While most of its competitors are settling with V6 power, Mazda dropped their Skyactiv turbocharged 2.5-liter four-cylinder engine underneath the CX-9s hood. The result is a horsepower rating that actually depends on which fuel you put in the tank. If you elect to go with just regular fuel, you are limited to just 227 horsepower. Fuel up with the 93 octane Premium stuff and that horsepower rating goes up to 250. For octane ratings in-between, your actual horsepower will vary depending on the fuel grade being pumped in. No matter which fuel you use, the torque number is the same at 310 pound-feet.
Sending power to Mazda’s all-wheel drive system is the Skyactiv six-speed automatic transmission. This is a smooth shifting transmission, facilitating a very smooth and powerful engine. Turbo lag is undetectable with a quick throttle response. Of any vehicle in its class, I love how it responds to the accelerator and keeps the momentum up nicely. Consider this in the context of a 4,300-pound vehicle, with a towing capacity of 3,500 pounds. In terms of fuel economy, I averaged 22.8 MPG.
You will appreciate the ride quality in the new CX-9. It is smooth for the family and for the driver up front. The suspension absorbs the cracks and bumps very well. Cornering is on the soft side, so expect some roll and lean, if pushed past the limit. Steering is quite good with excellent feel on-center with a good turning radius and great response from the wheel. Expect a bit of numbness, which is expected in today’s SUVs. Brakes are among the best in class, with great stopping power and response in normal and panic situations.
The CX-9 was designed for active safety integration. This includes features such as Smart Brake Support and Smart City Brake Support, both using the sensor behind the Mazda badge to ensure that the vehicle is stopped when an obstruction is in the way. By obstruction, I mean the vehicle in front of you. The CX-9 Grand Touring also offers as standard other active safety features, such as Lane Departure Warning, Lane Keep Assist, Rear Backup Sensors, Rear Cross-Traffic Alert, Blind Spot Monitoring, and Mazda Radar Cruise Control.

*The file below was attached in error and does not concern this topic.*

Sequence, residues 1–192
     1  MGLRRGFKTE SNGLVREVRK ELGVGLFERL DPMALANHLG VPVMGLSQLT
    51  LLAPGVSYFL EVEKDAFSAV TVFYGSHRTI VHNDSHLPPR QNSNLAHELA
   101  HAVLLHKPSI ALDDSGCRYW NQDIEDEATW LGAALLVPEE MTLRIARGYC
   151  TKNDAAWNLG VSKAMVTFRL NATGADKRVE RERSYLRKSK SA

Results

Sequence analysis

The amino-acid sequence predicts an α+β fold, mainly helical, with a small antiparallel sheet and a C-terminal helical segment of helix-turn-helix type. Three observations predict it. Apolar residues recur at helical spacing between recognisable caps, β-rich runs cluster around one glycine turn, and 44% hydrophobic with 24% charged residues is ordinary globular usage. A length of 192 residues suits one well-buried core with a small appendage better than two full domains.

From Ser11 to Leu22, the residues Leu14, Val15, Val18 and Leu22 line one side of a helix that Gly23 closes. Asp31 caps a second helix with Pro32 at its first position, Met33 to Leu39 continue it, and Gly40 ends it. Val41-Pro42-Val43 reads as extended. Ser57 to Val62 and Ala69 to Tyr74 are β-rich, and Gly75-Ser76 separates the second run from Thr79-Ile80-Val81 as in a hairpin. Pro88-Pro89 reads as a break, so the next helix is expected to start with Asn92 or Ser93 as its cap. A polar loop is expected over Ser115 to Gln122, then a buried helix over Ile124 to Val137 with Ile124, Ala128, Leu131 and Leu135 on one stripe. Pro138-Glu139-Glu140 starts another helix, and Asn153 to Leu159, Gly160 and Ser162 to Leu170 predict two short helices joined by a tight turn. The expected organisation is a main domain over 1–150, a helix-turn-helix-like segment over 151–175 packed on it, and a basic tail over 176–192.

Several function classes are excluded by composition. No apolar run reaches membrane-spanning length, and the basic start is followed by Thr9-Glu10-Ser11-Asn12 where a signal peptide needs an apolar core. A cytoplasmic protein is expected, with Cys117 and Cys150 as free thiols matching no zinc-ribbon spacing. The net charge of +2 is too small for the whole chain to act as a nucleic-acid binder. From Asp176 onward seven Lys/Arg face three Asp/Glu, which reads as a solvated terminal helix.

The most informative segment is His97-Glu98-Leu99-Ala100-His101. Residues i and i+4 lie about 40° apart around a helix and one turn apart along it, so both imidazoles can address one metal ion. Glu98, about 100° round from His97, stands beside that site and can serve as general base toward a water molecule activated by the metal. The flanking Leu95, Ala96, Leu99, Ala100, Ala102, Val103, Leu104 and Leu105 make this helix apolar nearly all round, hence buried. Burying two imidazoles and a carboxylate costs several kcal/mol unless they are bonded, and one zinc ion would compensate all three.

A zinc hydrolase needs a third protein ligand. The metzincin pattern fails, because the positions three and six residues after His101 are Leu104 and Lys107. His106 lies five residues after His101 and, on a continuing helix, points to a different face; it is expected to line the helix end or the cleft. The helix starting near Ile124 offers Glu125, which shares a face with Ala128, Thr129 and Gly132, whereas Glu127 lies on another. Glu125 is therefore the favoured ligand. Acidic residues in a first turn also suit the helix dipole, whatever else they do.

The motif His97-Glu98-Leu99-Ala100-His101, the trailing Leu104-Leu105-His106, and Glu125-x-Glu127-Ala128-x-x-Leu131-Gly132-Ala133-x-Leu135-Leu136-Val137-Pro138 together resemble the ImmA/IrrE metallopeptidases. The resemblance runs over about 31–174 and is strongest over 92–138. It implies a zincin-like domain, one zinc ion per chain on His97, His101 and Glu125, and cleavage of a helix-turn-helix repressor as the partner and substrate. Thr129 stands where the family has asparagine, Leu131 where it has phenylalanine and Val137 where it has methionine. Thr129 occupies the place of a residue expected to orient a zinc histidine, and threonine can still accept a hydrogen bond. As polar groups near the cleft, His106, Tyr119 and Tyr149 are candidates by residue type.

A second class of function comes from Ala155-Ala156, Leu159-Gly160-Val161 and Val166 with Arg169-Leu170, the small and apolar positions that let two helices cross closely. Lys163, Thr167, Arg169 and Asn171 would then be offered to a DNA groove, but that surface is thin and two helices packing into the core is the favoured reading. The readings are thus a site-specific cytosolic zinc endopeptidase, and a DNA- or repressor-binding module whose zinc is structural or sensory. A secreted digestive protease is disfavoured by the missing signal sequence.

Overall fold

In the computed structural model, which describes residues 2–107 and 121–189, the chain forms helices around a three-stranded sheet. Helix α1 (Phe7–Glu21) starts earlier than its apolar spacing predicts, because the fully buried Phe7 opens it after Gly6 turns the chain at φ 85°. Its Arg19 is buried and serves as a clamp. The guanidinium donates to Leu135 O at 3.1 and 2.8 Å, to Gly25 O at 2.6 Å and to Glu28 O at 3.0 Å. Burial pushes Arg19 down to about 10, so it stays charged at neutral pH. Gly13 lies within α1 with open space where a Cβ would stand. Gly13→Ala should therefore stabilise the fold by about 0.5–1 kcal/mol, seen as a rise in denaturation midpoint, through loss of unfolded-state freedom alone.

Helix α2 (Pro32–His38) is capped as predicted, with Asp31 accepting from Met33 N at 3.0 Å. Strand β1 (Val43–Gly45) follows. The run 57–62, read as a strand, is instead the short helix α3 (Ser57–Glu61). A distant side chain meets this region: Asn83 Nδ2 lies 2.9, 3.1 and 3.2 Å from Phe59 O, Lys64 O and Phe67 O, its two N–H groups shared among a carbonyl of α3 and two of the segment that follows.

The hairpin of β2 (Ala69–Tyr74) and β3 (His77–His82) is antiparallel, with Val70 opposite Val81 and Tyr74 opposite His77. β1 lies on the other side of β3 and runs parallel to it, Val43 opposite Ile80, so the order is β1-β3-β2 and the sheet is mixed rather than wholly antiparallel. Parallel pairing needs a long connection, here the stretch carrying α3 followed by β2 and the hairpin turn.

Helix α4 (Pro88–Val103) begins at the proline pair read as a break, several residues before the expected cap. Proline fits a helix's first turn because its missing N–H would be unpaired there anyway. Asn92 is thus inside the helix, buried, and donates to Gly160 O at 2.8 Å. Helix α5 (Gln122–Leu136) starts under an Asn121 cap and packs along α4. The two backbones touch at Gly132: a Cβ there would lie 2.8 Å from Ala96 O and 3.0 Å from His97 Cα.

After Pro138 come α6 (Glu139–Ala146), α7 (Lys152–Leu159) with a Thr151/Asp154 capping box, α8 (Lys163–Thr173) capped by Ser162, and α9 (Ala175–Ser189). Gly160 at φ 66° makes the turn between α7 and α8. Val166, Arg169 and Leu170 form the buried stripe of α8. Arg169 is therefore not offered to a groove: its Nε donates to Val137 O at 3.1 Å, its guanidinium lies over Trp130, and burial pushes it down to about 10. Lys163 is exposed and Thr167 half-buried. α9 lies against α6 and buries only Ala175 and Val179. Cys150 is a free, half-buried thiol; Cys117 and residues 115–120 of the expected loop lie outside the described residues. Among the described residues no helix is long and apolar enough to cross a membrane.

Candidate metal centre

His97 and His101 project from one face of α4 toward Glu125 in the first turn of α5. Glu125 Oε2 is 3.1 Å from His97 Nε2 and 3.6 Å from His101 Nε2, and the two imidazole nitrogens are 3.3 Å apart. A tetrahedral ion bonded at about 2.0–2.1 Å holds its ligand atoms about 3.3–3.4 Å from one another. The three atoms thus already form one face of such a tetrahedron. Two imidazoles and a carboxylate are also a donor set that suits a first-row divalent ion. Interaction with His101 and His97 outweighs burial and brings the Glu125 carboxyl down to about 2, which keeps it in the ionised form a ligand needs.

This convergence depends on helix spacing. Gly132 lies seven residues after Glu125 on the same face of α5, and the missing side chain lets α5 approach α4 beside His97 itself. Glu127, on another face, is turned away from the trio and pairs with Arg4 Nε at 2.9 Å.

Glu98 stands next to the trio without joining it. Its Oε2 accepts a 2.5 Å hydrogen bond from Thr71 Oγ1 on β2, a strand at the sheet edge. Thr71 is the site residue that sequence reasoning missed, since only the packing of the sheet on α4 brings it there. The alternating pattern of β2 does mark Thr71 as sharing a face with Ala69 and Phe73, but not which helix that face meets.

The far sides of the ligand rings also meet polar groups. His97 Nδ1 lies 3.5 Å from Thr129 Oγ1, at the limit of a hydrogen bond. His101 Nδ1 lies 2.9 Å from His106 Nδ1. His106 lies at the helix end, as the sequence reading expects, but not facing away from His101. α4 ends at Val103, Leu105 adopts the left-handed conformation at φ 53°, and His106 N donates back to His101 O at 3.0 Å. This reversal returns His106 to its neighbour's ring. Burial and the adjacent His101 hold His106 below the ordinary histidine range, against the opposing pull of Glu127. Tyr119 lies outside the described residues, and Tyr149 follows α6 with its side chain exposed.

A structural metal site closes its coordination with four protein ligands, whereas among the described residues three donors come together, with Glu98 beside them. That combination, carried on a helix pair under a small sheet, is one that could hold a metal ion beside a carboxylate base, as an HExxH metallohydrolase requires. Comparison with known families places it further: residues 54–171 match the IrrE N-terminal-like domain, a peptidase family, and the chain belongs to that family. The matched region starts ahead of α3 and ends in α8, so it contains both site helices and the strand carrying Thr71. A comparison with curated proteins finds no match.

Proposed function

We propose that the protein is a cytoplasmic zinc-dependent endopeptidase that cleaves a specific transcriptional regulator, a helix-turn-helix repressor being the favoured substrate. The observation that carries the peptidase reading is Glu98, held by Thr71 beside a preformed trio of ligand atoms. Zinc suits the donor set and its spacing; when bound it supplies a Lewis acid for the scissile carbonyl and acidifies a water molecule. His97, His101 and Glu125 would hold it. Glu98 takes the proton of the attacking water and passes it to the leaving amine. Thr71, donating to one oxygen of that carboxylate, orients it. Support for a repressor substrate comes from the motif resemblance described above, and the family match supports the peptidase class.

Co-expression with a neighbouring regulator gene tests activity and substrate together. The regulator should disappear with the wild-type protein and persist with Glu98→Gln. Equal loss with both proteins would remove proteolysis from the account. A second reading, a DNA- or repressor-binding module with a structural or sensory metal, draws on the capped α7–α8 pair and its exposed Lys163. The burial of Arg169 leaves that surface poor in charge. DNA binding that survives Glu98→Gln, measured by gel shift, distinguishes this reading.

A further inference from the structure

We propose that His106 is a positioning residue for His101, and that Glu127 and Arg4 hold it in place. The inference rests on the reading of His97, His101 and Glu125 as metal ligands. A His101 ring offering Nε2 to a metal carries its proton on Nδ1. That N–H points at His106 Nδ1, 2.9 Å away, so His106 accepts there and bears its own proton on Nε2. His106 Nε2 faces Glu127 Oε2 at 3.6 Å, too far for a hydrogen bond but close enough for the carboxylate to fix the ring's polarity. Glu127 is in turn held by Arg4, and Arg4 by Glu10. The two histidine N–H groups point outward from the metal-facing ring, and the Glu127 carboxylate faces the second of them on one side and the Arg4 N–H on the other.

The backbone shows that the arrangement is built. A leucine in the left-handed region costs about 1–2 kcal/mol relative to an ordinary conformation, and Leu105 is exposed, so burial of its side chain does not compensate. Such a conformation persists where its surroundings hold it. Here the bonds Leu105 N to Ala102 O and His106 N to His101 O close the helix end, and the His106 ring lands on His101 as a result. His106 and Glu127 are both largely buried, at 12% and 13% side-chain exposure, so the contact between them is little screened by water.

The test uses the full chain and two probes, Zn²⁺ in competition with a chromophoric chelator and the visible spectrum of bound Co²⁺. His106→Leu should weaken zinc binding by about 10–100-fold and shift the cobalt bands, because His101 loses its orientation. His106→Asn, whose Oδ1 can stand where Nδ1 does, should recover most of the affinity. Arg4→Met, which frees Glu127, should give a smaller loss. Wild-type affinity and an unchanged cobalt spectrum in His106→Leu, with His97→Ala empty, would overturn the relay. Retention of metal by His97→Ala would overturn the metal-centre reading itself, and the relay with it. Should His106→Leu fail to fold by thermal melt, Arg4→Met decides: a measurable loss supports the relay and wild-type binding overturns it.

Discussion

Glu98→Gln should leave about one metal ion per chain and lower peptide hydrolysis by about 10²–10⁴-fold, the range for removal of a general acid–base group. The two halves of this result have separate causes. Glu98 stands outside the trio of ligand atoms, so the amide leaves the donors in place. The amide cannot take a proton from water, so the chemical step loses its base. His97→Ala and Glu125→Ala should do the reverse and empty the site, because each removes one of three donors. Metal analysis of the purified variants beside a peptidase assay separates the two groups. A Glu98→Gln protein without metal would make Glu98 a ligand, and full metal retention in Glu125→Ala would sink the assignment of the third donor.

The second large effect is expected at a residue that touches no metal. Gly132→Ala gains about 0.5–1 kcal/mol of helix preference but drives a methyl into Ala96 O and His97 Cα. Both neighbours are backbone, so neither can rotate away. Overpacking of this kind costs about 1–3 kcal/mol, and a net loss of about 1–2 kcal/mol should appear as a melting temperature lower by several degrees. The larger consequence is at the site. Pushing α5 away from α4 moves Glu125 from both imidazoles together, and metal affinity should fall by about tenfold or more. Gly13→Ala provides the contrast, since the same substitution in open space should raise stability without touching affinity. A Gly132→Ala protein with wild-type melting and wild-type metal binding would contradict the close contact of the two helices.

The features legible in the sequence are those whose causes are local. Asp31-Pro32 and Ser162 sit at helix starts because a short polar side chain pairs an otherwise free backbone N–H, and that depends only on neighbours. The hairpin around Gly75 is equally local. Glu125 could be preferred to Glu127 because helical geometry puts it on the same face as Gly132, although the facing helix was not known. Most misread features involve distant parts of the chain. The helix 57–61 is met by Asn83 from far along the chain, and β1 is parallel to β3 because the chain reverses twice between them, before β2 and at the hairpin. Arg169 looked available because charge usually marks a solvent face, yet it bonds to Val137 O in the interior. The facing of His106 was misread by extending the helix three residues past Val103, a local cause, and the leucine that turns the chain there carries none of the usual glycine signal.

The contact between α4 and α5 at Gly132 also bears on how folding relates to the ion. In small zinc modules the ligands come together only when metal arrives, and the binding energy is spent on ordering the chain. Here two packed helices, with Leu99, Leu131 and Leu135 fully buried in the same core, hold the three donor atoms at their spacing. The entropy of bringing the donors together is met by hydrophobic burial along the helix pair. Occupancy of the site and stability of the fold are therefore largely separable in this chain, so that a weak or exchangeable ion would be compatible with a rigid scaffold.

Pricing for the CX-9 starts with a Sport model that is well-equipped for middle-of-the road customers. Pricing starts at $32,130 for the front-drive model. Adding all-wheel drive bumps the base price up to $33,930. The Grand Touring is not the top of the line, however, our example came with a sticker price of $45,560. If you must ask, the top shelf Signature model has a base price of $44,315.
The obvious answer to the question about the Mazda CX-9’s worthiness as a road trip vehicle is “yes.” “Yes,” it will accommodate up to seven people over longer distances. “Yes,” it can deliver performance, comfort, and space to execute such a journey.
And, “yes,” you can consider the Mazda CX-9 as a worthy three-row midsized SUV/crossover for your Rainbow family, or sort of “family” you are taking along inside of it.